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Everything posted by BeastForever

  1. If I'm being completely honest, (and forgive me if this comes off a little negative, especially this late in the game), what we're seeing right now is precisely why I was never on board with the whole "you won't notice 13ft" argument. With the elevation disadvantage, paired with its placement in the back left of the park, I think were beginning to see that it really could have used all the height it can get in order to appear more imposing onto the rest of the park. Or at least, its a slippery slope. I would say that it was never so much about 13 ft as much as it is about 20-30 ft, given the expectation that it was going to clear 300 ft by at least some amount, even if by just 5-10 ft. Having it at 300 flat was kind of pushing it to begin with, but take away an additional 13 ft? And yes, I do think it results in a noticeable discrepancy between this and previous gigas... However, on the other hand (and this is positive), I'm starting to think that what is lessening the ride visually (placement), will end up enhancing the ride from an experience standpoint. Come to think of it, I never wanted this to be a parking lot coaster anyway, so I'm actually glad to see it break from Fury and Leviathan in that regard. Sure, it won't be as immediately noticeable at the front of the park, in the way the aforementioned B&M gigas are... But if better night rides/seclusion come at the slight expense of imposition onto the rest of the park, then that is an A-ok tradeoff in my view! Think about it. Would you rather be riding past a mundane ocean of concrete, traffic lines, and car light glare, OR flying through the trees and foliage of the dark Ohio woods after sundown? I think you know my pick...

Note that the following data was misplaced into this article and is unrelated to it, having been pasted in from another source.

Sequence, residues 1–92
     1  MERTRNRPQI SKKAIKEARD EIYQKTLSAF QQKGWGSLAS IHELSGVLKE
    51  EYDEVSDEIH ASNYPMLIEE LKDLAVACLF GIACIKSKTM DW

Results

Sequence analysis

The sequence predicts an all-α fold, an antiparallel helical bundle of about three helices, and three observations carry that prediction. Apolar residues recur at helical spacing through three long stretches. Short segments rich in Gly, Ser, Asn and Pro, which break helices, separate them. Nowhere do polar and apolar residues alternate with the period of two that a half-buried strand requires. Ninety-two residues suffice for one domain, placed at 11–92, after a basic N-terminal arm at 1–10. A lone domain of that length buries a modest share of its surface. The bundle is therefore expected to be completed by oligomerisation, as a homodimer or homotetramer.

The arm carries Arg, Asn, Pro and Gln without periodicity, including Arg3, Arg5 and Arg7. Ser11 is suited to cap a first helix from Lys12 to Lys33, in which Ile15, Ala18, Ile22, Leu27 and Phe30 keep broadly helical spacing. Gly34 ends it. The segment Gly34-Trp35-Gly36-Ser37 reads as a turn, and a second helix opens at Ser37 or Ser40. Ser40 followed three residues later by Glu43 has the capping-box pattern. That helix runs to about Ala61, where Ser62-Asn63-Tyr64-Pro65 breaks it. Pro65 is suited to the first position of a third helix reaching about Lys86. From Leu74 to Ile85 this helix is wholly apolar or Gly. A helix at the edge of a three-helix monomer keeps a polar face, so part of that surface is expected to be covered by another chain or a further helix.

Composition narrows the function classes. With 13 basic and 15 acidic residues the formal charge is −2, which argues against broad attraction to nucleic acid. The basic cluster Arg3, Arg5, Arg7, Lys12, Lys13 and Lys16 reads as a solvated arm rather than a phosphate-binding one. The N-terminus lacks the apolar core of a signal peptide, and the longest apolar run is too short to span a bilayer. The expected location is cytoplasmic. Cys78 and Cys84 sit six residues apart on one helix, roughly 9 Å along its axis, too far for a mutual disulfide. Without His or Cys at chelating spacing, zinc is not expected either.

2. I don't think we're going to see a new flyer come to any CF park in the forseeable future, B&M or otherwise... They tend to have some of the slowest dispatch times, cost more to operate, less reliable, and for a lot of people, are just plain uncomfortable. While I enjoyed Firehawk, I can't say I particularly cared much for the B&M flyer I've ridden. Starting and ending in the flying position I found to be incredibly uncomfortable, and not rerideable in the slightest. One of those rare times that a Vekoma greatly outshines a B&M...